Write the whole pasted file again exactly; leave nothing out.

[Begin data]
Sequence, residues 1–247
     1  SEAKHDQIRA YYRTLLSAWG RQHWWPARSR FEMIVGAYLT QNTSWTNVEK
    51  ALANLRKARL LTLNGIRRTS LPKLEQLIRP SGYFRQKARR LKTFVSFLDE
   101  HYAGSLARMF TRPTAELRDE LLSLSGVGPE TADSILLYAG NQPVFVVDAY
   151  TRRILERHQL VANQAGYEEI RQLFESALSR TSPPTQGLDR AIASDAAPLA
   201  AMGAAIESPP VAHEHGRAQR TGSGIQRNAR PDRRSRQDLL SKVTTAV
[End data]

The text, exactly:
Sequence, residues 1–247
     1  SEAKHDQIRA YYRTLLSAWG RQHWWPARSR FEMIVGAYLT QNTSWTNVEK
    51  ALANLRKARL LTLNGIRRTS LPKLEQLIRP SGYFRQKARR LKTFVSFLDE
   101  HYAGSLARMF TRPTAELRDE LLSLSGVGPE TADSILLYAG NQPVFVVDAY
   151  TRRILERHQL VANQAGYEEI RQLFESALSR TSPPTQGLDR AIASDAAPLA
   201  AMGAAIESPP VAHEHGRAQR TGSGIQRNAR PDRRSRQDLL SKVTTAV